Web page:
2020-10-07Press release

Fendt IDEAL 9T triumphs in the DLG combine harvester test

At the beginning of August 2020, Fendt presented its large combine harvester Fendt IDEAL 9T for an independent DLG test. In the test and up against another combine harvester, the Fendt IDEAL 9T demonstrated impressive results in terms of output, broken grain, straw quality and low losses.

2020-10-07Press release

Fendt IDEAL 9T triumphs in the DLG combine harvester test

At the beginning of August 2020, Fendt presented its large combine harvester Fendt IDEAL 9T for an independent DLG test. In the test and up against another combine harvester, the Fendt IDEAL 9T demonstrated impressive results in terms of output, broken grain, straw quality and low losses.

The DLG attended the test as an independent institution and recorded the results impartially. The highly qualified expert engineers from the DLG Test Centre in Groß Umstadt have been carrying out threshing tests for many decades. As an external expert, Prof. Thomas Rademacher, Professor of Agricultural Engineering at Bingen University, supported the DLG to validate and control various measurement techniques during the tests.

"The aim of this project is to put together a characteristic curve for output loss from a variety of combine harvesters," says Prof. Rademacher. "The machines drive in the field at different output rates or driving speeds, while we measure the grain losses."

High output at low losses

The DLG test was carried out in a wheat field in five measurements between 4 and 8 km/h. At a top speed of 8 km/h, the Fendt IDEAL 9T reached an output rate of 89 tonnes per hour. The comparison machine recorded a lower rate of 87.7 tonnes per hour of grain output, at significantly higher levels of grain loss. At a standard grain loss level of 1%, the Fendt large combine achieved a 21.6% higher grain output compared to its competitor.

Negligible broken grain content from the Fendt IDEAL

The amount of broken grain is also decisive for the quality of the crop. In this aspect, the Fendt IDEAL came out top, with its results registering in the 'very low' range. The broken grain content was 0.15% to 0.55%, while the comparison machine recorded 0.85% to 1.5%; significantly exceeding the readings from the Fendt machine.

High proportion of long straw

The straw quality of the Fendt IDEAL was particularly evident in the long straw range. When measured at 8 km/h, 10% of the straw sampled was long straw measuring more than 67 mm in length; 17% of the straw sampled measured longer than 30 mm. That is 2.7x more long straw than the samples taken from the comparison machine. The short straw content in particular was in the range of 8 mm, which was significantly higher than in the Fendt IDEAL.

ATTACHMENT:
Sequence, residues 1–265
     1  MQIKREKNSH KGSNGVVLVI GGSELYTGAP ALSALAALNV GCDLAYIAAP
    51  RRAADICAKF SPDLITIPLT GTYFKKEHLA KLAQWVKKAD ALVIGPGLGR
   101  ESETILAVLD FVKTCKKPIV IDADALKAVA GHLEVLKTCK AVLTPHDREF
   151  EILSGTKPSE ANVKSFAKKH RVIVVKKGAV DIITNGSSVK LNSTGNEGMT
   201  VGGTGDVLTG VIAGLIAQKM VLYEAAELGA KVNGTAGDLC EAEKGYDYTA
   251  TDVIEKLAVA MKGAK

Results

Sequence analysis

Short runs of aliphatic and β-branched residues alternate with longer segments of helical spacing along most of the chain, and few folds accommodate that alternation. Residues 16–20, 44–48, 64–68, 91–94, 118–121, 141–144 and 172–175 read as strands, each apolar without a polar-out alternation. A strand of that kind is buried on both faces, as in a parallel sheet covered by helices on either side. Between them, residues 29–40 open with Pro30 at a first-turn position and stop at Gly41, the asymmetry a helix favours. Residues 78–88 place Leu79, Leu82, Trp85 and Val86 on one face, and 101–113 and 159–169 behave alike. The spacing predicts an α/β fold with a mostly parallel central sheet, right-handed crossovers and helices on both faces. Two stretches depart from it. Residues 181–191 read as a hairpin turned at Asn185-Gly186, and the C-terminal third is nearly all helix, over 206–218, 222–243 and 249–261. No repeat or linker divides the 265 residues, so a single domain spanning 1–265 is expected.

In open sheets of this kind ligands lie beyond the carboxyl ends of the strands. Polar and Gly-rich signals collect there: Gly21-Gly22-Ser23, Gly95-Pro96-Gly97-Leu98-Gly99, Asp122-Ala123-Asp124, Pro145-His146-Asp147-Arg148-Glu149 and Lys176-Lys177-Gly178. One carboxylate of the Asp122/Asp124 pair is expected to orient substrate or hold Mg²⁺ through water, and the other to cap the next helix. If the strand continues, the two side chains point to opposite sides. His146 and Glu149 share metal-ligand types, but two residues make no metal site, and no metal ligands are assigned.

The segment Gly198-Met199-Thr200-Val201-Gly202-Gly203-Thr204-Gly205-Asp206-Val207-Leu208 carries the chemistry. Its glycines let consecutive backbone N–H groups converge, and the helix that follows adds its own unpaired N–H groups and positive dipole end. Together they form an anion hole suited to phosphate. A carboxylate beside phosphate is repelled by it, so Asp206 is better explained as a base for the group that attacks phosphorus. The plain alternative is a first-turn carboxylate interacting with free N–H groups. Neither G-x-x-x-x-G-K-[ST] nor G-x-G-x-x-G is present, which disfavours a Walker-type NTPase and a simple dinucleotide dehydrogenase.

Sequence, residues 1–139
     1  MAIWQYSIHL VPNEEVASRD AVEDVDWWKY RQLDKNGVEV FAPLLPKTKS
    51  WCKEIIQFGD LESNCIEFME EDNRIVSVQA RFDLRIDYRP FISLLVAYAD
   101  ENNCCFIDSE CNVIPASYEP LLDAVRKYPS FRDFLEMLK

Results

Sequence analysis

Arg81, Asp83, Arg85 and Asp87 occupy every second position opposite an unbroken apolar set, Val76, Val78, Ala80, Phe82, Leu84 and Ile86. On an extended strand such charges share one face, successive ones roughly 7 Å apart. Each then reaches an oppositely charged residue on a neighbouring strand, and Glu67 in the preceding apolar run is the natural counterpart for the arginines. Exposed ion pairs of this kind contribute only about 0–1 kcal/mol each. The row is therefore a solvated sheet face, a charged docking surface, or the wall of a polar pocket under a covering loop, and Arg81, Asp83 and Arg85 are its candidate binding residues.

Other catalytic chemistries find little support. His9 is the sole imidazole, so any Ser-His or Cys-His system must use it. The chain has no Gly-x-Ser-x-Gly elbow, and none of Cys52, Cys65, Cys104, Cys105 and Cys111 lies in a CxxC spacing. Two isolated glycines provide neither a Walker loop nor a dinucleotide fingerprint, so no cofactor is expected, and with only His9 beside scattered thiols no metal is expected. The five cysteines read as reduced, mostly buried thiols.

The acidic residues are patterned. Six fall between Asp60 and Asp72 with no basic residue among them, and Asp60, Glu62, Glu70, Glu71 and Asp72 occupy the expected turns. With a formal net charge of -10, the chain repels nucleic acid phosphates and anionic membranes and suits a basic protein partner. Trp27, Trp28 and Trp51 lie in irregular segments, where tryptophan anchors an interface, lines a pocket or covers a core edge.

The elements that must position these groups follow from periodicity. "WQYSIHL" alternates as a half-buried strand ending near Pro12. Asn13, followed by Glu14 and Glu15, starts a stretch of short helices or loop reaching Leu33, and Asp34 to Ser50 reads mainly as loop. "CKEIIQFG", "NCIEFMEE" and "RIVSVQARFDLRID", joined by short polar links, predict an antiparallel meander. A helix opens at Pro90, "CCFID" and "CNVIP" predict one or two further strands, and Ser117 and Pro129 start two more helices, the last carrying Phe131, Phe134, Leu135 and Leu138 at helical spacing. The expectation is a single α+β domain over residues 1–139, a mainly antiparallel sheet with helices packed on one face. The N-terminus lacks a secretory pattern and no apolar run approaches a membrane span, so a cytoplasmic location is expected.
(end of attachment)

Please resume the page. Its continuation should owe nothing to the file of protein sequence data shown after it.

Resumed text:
About the combine harvester comparison test

The test pitted the Fendt IDEAL 9T against a combine harvester of the same performance class and the same cutting unit width, both harvesting in wheat on a field in Mecklenburg-Western Pomerania.

"Following measurement method standards, we used the 'sheet procedure'. This means that all deposits from the combine harvester are placed on a sheet and then cleared again to identify and weigh the grain losses. We used the well-known shell method alongside that, as an additional control method," says Prof. Rademacher.

Both machines were calibrated before the test and each was set up by technicians from the combine manufacturer to undergo extensive tests under the same conditions. The output and losses were tested using two assessment methods in five test rows and at different speeds between 4 and 8 km/h.

"The assessment is based on the principle that everything that goes into a machine has to be weighed," says Prof. Rademacher. "Both combine harvesters unloaded the grain onto a weighing cart after each partial inspection. We use this and the pre-set driving speed to determine the grain output."

The samples taken were then examined and assessed by independent experts in the DLG lab. The losses are evaluated by looking at the straw and the chaff. The clean grain losses are weighed as well as the straw and chaff. On the basis of the yield, the grain losses can then also be calculated.

"For the first time in Fendt history, we have subjected a combine harvester to an independent DLG comparison test to show the public how well we fare among the best," said Christoph Gröblinghoff, Chairman of Fendt Management Board, commenting on the heavyweight test. "The Fendt IDEAL combine harvester meets all our expectations in these extensive test runs. But even more importantly, it also meets the expectations that customers place on a Fendt combine harvester with innovative technology and such high performance data."

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